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Wednesday, October 12, 2011

Up Bear Creek / 6oct50011

Of journalism, poetry, fulminations
and presidential historical fiction

CATALYST … Looks like the West Montrose Economic and Community Development group is starting up a flashy new monthly newsletter, thanks to the Paradox Strengthening Community Fund – The Community Catalyst. It’s a great name – a “catalyst” being something that makes other things happen … My friend Greta deJong edits and publishes the Salt Lake City alternative monthly, Catalyst – which I love to read, since it features so many stories relevant to southwestern Colorado and keeps me current on non-Mormon Utah’s counter-culture <> … WMECD’s first issue, a trimmed U.S. G-size newsprint tabloid printed in Montrose, sports a dusk cover shot of the Paradox Rim by Richard Worth. Its inaugural editorial offers an “open forum, to dream of a better tomorrow for ourselves, our children, and our grandchildren” … Marie Templeton of the Rimrocker Historical Society has a column, “Pieces of our Past”. Jeri Mattics Omernik talks about converting grass into greenbacks. Dallas Holmes writes “The Book Nook”. 4th-grader Brydon Haining is selected as the community’s first “Stellar Student”. There’s a Colorado State University Cooperative Extension back-cover color story about canning tomatoes, a full-page community calendar, a West End non-profit directory, couple ads and a survey … It’s really quite nicely done. Pick up copies in Norwood, Naturita, Nucla and Paradox

DIABOLOS … I was surprised to learn, on one of my late-night etymological excursions, that our culture’s idea of a “devil” comes from this Greek word, which means “slanderer” or “accuser” … And that its synonym “Satan” derives from the Hebrew Ha-satan “one who opposes or obstructs”

TALKING THISTLE… “Thistle, a missile of war, or earth repair? Comes to land in need of weedy care. Yes, taproots deep -- breaks up compacted ground, bringing those gardener earthworms around. And all the while brings its presents to us humble, earthy, loving peasants … Blend the alkaline greens with water, lemon and honey. Strain out the prickles and enjoy a life elixir with no money …Peel the stem before it blooms to enjoy a juicy celery treat … Chew the flower into gum that's lasting and mildly sweet … And dig roots for winter liver tonic tea, to rejoice in a good long life of health, carefree! …Thistle, to some, is "Wanted" as the bane of society … Another road to take is to celebrate diversity!”  -- Katrina Blair, Turtle Lake Refuge, Durango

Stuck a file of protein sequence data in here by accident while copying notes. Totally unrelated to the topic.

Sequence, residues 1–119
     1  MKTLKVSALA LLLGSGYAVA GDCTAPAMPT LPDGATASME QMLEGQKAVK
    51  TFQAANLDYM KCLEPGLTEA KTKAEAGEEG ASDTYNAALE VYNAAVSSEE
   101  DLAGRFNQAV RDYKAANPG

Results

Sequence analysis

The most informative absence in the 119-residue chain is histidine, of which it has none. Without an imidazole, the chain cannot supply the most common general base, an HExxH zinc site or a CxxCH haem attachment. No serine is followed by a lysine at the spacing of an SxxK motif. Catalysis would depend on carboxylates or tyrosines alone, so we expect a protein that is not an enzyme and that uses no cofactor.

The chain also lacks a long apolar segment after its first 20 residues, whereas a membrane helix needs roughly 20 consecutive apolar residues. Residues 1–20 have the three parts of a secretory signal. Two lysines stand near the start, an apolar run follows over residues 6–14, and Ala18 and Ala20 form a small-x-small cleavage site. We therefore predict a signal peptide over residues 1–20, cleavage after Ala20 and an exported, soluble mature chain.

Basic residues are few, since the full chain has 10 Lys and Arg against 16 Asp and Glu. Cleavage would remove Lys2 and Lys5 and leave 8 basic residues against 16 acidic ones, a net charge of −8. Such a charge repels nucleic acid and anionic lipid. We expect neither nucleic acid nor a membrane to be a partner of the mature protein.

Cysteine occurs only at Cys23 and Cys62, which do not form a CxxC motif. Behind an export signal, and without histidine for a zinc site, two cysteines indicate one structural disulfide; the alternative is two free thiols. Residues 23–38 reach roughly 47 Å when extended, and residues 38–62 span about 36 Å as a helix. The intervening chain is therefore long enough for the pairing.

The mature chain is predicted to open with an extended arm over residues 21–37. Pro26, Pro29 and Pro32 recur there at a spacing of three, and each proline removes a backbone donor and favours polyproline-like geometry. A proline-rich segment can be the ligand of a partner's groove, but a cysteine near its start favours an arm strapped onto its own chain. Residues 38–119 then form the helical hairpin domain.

SUSAN CULVER … Can it be true? My evil twin poet journalist colleague over at the San Miguel Basin Forum has left her post? No longer editor? No more ad hominem editorials fulminating on the evil ways of the notorious Badtimes? … I’m gonna have to ship my horns and trident back to the factory.

DAVID MASON … Professor at Colorado College, as well as prize-winning poet, essayist, writer of libretti, and former Fullbright scholar, Mason was named Colorado’s sixth poet laureate by Gov. Ritter last year. He made a pledge to visit all of Colorado’s 64 counties and he’s coming three venues in Ouray County and one in San Miguel County next week … Friday, Oct. 14th, 5-7 p.m. at the Ridgway Library for a Meet&Greet … Saturday, Oct. 15, 9-a.m-noon at Weehawken Creative Arts, 1900 Main St., Unit #7, Second Floor, Ouray, for a  Poetry Workshop (“Killer Openings: How to Get into a Poem”) … Sat., Oct. 15, 3-5 p.m. at Roscoe Fox, 539 Main St., Ouray for a Poetry Reading and Book Signing … Monday, Oct. 17th, at the Wilkinson Library with a reception at 5:30 p.m. and a reading at 6 p.m. … A second book of David’s essays, Two Minds of a Western Poet, will appear in 2011 from the University of Michigan’s Poets on Poetry Series. Mason lives near the Garden of the Gods in Colorado Springs with his wife, Anne Lennox.

JIMMY CARTER … Found a book saved from my late dad’s things that had gotten a bit moldy in a storage bin whose top leaked. A novel by our former president. I dried the pages and salvaged the book. I didn’t know Carter’d tried his hand at fiction, but since it was a story of the Revolutionary War, I dove in … And it proved a good read. I learned a lot of history about South Carolina, Georgia and Florida during the time of the Colonies separated from England. The characters were strong and engaging. The momentum dragged a little at times, with (no doubt) accurate historical details getting in the way of the storyline. But the writing was good. Not prize-winning, but solid. I stayed up until 5 a.m. reading one night (morning) just to get to the end … I learned that the Creeks had a clan named after the Potato; a member of the radical revolutionary party for the late 1700s in the American colonies was called a “Whig” – a word that originally meant a horse thief; and a member of the conservative party was called a “Tory,” which had started out meaning an outlaw whose first allegiance was to the Pope … The Hornet’s Nest (Simon & Schuster, New York, 2003). Recommended.


Autumn Equinox

Rivers run, fires rage,
End times coming, New Age.
Turning wheel spinning fast,
Fleeing migrants soaring past.

Autumn quells the summer light,
Ushers into longer night.
Western spirit, black holes,
Mystery gate, dead souls,

Bear, coyote, owl, loon,
Baying to night and the Harvest moon.
Voices sing with heart's reminder,
Whoever loses is also a finder.

Nothing else you have to know,
Only this: let go.

-Amy Hannon
Raritan Valley

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